Pennsylvania GOP playing 'safe politics' in Harrisburg
People on the periphery of politics often ask if Republicans control the state House and Senate with a GOP governor, why aren't they ramming through laws such as making Pennsylvania a right-to-work state?
Or banning teachers strikes. Or killing the “prevailing wage” law — where union wages are applied to some public works projects. Republicans in Harrisburg also could weaken collective bargaining by limiting contract disputes to wages for public employees as was done in Wisconsin.
When Tom Corbett became governor and Republicans recaptured the House in 2010, conservative Republicans believed at least some of these things would get done. The GOP had comfortable majorities to make sure it happened.
They did get Voter ID. Yes, it's intended to curb fraud. But requiring photo ID, some Republicans believed, also would cut Democrat voter margins in Philadelphia. Voter ID remains tied up in the courts.
Other than the voter ID law, Democrats and labor couldn't be happier watching Republicans “run” Harrisburg.
Some Dems might not believe it but “Republicans” aren't monolithic. There is no “Republican” ideology or viewpoint that fits all or most of them.
As Republican governors in other states were racking up victories on conservative causes, Corbett didn't push right to work or seek to limit collective bargaining. He did take on the union representing state store clerks, in a thus far unsuccessful effort to privatize the state stores. House Republicans pushed through an aggressive state store divestiture plan but Senate Republicans have not been supportive.
Corbett also pushed a $1.8 billion transportation revenue bill, funded by uncapping the state's tax on wholesale fuel. Senate Republicans liked it so much they upped the ante to $2.5 billion.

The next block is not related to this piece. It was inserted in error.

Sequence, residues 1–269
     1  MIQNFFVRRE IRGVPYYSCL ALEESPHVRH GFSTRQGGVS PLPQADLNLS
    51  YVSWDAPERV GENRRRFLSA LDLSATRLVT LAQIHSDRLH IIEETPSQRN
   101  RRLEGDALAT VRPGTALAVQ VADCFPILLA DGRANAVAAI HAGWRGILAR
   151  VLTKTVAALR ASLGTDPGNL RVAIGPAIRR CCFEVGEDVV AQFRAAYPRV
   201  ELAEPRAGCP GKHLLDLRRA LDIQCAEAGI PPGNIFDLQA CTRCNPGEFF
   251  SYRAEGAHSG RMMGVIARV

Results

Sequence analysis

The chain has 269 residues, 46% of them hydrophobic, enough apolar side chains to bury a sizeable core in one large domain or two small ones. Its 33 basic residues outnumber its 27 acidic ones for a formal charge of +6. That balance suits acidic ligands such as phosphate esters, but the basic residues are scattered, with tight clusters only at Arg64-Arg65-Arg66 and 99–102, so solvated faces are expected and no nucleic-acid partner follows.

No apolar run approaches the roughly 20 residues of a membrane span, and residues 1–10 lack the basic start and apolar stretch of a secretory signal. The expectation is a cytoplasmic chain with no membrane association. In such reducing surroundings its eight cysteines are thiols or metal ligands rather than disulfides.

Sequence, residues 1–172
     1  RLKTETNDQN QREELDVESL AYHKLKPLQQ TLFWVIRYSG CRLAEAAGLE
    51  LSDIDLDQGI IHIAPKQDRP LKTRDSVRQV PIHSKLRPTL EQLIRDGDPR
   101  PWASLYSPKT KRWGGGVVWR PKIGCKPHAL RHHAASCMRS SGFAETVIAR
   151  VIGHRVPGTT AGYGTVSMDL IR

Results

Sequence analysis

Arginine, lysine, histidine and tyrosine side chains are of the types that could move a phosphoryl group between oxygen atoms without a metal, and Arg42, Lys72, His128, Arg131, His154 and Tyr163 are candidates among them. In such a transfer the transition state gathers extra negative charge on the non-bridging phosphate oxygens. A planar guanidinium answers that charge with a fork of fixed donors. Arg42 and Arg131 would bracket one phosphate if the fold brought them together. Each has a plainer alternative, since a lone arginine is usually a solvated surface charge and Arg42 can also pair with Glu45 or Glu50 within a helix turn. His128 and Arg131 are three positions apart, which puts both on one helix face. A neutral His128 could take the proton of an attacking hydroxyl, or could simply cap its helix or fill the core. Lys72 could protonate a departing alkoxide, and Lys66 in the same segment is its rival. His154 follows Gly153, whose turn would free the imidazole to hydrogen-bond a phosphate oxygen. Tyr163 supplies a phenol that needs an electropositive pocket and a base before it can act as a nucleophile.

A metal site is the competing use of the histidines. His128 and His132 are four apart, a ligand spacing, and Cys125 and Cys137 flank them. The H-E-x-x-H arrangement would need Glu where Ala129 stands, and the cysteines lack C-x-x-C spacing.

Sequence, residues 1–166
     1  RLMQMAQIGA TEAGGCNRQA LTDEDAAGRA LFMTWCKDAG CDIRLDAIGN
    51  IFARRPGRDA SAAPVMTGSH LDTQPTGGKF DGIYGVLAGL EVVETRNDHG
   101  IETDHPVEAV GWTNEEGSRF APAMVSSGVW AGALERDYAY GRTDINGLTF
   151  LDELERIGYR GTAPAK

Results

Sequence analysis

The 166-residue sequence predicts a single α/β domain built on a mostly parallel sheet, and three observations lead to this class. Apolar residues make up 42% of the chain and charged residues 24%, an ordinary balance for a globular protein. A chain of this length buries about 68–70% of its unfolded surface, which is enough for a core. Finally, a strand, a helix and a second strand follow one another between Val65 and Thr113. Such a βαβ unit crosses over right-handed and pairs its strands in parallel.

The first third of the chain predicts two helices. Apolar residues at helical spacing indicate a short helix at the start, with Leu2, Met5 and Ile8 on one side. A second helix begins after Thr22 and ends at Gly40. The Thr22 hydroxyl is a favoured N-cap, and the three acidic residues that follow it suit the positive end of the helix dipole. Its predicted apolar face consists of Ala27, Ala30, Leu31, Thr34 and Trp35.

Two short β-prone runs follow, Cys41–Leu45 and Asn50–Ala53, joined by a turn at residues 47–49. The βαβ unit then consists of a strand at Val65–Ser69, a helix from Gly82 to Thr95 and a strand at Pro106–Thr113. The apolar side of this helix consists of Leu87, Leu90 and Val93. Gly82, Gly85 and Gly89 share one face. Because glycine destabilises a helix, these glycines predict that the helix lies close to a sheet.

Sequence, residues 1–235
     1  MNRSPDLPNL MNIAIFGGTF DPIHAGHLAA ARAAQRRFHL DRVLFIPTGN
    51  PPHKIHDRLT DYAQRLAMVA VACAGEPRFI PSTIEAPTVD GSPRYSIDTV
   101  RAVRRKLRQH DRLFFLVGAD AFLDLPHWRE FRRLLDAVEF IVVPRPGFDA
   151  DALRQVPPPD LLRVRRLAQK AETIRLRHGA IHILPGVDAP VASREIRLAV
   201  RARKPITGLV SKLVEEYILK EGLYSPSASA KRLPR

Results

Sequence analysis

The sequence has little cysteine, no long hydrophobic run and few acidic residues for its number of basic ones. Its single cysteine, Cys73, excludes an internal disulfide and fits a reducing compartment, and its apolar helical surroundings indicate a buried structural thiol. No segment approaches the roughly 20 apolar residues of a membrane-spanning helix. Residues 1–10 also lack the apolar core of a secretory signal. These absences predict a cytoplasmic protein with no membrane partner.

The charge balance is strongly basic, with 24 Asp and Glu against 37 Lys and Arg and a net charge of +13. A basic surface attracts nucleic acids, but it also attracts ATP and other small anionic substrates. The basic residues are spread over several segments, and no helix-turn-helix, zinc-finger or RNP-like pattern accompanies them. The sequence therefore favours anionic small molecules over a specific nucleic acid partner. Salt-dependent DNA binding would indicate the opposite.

House Majority Leader Mike Turzai, R-Bradford Woods, suggested a $500 million “critical needs” bill.
You get the picture.
There was talk last week of a possible vote Monday on transportation. It remained unclear whether a sweetener for the House GOP conservatives — a slice of prevailing wage reform — would be enough to induce some House Republicans to vote for what some consider to be a tax hike at the pumps.
Turzai has scheduled transportation votes before and Corbett has asked him to hold off.
Portions of the House GOP Caucus, perhaps one-third, are very conservative (think Rep. Daryl Metcalfe). Yet the House also has its share of largely Southeastern Pennsylvania lawmakers sympathetic or supportive of organized labor.
Another third is in the middle between moderate (read liberal) Republicans and the right wing.
In addition to ideological differences, there are institutional rivalries between the House and Senate. Distrust underlies that problem.
Finally, safe politics for Republicans, despite their majorities, is not to mess too much with organized labor. So if they get even a piece of prevailing wage it will be pretty amazing. The fact remains there's a lot of money in that transportation bill for union jobs.
Brad Bumsted is the state Capitol reporter for Trib Total Media (717-787-1405 or email@example.com).
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